4K-D APPROXIMATION Low PFA: interested in tail of distribution Represent pdf as an integralUse steepest descentsAccurate to better than 0.1% (PFA = 10-9)Not sensitive to statistics of modulationImplies that K-D has sound physical basisBasic code can be implemented in < 18 lines of C# or C++.Code is very small with no loops (except for gamma function, which can be found efficiently).PFA is typically very small because there are about 100,000,000 pixels in an image.Integrand replaced by a simpler one with a Gaussian shape.
5THRESHOLD COMPARISON LOOKS L = 1 L = 4 PFA Accurate Approx. 10-9 0.5 SmoothnessAccurateApprox.10-90.5214.7214.891.5991.625.047.4947.5018.79618.80050.024.248.8418.84210-695.4395.5546.4046.4325.6925.7011.26311.26715.33715.3386.128Table shows a comparison between accurate and approximate evaluations of ship detection thresholds for single look and four-look SAR images.K-distribution is characterized by a mean and a shape or order parameter, nu and the number of looks, L.It is easy to estimate the mean accurately so that we focus on nu and derive a threshold as a multiple of the mean. Nu = 0.5 represents spiky clutter, Nu = 50.0 smoother clutter.These data were calculated by integrating the pdf down from very large values until a threshold was reached where the PFA was 10-6 or 10-9.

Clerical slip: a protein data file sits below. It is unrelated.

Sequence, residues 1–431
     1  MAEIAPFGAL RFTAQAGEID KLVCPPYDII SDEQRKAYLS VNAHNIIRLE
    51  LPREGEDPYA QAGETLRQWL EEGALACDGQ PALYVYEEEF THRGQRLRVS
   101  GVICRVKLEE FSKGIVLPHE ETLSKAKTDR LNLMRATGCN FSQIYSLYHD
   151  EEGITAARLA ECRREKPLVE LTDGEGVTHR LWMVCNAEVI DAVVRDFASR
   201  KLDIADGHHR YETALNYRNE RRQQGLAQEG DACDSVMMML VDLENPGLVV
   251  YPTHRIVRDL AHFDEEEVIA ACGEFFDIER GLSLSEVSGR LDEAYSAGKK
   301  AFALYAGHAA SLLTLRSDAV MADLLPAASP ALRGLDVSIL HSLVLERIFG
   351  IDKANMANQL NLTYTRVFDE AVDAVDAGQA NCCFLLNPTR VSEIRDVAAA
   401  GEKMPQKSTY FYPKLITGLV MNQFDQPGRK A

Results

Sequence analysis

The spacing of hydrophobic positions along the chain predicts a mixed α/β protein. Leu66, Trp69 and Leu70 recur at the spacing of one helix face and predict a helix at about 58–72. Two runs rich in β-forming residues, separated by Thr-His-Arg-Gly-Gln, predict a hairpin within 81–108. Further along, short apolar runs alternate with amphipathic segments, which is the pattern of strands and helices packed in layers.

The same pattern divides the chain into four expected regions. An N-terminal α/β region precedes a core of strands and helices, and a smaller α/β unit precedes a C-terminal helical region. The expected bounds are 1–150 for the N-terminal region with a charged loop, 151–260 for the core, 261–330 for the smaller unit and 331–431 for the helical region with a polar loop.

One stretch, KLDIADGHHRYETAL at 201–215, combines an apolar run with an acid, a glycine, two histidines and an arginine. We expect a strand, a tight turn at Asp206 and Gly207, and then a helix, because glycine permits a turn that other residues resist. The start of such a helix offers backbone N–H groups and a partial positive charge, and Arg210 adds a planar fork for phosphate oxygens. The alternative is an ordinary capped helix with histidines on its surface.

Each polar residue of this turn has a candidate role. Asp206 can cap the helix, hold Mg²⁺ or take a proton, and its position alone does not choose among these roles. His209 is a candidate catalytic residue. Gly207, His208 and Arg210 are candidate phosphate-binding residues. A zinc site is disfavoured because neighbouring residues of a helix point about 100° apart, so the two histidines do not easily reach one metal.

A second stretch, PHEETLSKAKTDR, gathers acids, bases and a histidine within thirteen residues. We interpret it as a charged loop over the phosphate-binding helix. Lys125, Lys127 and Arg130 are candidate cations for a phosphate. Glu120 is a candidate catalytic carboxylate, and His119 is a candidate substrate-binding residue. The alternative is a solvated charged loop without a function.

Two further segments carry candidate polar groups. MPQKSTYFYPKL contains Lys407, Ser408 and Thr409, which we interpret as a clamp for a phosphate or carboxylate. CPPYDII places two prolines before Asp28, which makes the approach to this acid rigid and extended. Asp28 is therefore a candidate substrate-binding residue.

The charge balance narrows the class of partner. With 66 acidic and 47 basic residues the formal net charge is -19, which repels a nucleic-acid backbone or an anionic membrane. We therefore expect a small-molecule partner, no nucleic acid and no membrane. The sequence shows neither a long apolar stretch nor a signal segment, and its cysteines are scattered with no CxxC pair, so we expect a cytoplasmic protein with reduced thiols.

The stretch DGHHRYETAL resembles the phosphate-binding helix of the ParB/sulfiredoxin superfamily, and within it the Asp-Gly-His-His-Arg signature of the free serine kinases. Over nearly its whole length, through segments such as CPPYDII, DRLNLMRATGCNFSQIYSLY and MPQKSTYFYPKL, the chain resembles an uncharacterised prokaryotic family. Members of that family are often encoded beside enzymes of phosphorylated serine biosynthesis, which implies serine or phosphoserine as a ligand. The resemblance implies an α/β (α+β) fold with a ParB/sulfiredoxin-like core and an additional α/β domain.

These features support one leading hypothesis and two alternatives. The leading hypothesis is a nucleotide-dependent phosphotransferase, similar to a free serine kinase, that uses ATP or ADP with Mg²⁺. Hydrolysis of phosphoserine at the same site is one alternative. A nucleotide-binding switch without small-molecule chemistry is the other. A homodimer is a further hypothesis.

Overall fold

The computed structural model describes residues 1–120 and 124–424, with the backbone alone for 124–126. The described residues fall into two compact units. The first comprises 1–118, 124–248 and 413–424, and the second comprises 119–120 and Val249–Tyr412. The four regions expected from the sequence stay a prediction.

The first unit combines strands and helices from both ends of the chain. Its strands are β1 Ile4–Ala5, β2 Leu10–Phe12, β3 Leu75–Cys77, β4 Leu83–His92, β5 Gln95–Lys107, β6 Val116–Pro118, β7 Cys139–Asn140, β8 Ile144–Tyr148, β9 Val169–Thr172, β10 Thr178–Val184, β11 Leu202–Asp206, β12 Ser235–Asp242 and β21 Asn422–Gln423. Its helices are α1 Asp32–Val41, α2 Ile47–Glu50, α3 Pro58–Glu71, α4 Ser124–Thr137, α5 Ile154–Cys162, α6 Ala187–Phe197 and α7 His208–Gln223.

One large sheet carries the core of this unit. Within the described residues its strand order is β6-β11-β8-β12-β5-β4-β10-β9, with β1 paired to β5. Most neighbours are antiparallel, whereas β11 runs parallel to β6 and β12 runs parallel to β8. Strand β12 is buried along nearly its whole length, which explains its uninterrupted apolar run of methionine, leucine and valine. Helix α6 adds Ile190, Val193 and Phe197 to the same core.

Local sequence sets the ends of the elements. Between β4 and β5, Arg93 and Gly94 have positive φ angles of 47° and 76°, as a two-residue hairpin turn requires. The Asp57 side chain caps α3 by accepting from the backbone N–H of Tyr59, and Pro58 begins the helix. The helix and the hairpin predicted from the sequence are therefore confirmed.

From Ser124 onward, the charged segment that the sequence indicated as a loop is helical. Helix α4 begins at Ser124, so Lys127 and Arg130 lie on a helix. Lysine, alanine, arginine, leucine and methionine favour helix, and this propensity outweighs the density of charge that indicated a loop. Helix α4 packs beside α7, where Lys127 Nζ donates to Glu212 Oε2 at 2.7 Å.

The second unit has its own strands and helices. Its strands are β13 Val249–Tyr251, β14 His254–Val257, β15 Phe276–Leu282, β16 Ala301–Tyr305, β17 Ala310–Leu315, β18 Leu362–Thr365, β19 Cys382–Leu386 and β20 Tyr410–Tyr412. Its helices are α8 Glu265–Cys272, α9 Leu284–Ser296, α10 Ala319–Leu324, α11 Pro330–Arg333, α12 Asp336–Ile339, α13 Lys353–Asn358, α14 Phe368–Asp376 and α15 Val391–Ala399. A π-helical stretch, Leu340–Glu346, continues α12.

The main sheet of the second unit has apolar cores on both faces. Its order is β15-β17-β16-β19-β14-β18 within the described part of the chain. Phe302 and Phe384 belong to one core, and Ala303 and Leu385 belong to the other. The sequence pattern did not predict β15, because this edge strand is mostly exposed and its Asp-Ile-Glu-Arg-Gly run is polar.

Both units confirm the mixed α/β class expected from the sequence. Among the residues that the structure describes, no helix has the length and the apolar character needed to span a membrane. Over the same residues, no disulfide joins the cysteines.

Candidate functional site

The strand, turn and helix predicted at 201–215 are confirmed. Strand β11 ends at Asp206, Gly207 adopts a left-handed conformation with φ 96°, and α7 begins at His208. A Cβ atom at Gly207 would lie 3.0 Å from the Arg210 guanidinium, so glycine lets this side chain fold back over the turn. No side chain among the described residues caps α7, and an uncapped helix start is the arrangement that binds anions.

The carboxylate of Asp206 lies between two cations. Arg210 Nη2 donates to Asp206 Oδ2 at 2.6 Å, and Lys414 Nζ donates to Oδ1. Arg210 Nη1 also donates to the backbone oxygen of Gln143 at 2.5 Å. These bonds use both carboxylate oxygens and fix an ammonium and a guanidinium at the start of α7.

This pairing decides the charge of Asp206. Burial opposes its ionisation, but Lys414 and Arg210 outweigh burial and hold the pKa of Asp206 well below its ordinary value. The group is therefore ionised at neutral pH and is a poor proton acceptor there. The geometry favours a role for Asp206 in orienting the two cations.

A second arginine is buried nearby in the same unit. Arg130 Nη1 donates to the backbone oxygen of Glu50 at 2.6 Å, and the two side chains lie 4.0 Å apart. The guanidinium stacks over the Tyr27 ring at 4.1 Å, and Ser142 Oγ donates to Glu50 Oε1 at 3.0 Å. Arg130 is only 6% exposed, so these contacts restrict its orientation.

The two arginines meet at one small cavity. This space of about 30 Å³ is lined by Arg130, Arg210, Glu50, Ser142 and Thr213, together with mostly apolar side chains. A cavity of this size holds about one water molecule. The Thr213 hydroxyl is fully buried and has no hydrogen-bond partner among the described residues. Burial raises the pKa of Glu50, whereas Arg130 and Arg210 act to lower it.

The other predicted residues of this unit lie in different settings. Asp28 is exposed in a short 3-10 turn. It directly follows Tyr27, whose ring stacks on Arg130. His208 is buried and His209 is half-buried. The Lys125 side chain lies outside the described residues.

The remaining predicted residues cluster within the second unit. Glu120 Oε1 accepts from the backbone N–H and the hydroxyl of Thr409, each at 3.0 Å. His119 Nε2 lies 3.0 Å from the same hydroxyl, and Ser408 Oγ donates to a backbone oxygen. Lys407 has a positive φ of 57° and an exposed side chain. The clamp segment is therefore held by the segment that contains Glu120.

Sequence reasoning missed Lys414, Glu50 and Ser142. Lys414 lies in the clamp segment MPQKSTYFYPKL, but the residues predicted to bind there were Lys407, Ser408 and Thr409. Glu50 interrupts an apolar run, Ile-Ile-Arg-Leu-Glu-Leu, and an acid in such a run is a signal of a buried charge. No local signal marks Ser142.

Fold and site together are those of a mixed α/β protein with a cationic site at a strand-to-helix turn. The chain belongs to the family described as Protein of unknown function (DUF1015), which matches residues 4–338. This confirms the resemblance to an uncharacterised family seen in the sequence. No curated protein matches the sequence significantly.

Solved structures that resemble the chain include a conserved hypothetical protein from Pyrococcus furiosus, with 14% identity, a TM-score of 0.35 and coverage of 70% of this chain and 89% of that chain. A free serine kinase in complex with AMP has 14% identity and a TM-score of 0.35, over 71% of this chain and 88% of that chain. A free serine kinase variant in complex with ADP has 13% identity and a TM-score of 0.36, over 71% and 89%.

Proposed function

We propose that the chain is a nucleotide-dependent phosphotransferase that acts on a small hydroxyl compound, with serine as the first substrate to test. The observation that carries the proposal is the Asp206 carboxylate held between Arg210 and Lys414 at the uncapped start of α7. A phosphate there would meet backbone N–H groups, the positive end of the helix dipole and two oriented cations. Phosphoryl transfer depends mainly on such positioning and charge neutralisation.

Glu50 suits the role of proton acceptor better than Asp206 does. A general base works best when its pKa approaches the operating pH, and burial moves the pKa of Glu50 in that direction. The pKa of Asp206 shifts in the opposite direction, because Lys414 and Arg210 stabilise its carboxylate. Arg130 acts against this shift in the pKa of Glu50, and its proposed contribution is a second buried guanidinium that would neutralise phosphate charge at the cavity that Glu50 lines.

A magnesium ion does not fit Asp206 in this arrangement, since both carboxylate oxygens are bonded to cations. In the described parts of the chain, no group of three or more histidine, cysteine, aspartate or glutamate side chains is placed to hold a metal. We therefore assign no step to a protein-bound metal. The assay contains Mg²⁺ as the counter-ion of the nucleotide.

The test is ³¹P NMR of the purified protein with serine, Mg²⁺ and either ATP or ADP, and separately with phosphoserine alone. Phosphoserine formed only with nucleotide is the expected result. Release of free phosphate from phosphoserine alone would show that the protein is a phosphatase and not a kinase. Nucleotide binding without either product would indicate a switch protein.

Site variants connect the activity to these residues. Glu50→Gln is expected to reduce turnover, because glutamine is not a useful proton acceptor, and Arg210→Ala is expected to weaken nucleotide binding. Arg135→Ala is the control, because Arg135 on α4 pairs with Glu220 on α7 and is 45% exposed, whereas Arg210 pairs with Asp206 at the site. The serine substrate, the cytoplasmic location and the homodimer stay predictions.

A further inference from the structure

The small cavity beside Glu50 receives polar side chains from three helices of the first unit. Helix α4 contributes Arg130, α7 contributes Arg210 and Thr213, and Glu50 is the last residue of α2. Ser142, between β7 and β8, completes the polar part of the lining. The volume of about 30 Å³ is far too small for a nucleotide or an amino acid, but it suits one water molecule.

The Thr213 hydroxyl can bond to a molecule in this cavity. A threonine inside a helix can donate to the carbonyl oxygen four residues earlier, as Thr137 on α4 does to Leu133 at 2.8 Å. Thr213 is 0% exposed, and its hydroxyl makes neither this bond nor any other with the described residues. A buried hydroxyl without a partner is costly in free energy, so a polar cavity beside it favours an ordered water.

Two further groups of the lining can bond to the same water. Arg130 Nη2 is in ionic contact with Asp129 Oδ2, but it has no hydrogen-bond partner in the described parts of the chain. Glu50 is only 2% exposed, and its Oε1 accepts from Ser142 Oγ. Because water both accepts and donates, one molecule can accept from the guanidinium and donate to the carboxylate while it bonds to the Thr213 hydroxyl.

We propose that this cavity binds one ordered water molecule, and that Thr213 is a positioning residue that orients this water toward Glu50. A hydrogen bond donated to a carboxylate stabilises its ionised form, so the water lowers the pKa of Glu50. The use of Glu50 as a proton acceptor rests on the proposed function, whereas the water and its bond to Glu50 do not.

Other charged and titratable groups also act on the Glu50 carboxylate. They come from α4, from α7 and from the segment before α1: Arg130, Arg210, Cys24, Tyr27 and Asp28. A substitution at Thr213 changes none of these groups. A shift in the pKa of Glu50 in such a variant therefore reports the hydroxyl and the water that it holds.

6PARAMETER ESTIMATION Need to estimate mean and order parameter Number of looks is givenCan estimate optimal performanceUses Fisher information (Cramer Rao)Parameter variance depends on number of independent samples, NNeed to consider biasNote: Parameters need not be integerNumber of looks is given from the radar and image processing specification.It is possible to estimate optimal performance for finite number of independent samples (resolution cells or larger).Parameters need not be integers; this seems to have provided problems in the past.
7OPTIMUM MEAN INTENSITY Cramer Rao Bound #Samples N = 256L = 1L = 4Spiky clutter is at left and smooth, Rayleigh type clutter on the right.When these curves are compared to those for the mean as a simple average, they are indistinguishable on the plot. (Calculate standard deviation of the mean of N samples; the standard deviation is estimated from the theoretical distribution variance.)However, the standard deviation for N = 256 is rather high compared with the mean ( = 1). Therefore for spiky clutter, it is questionable whether N = 256 is sufficient.L = 10SpikyRayleigh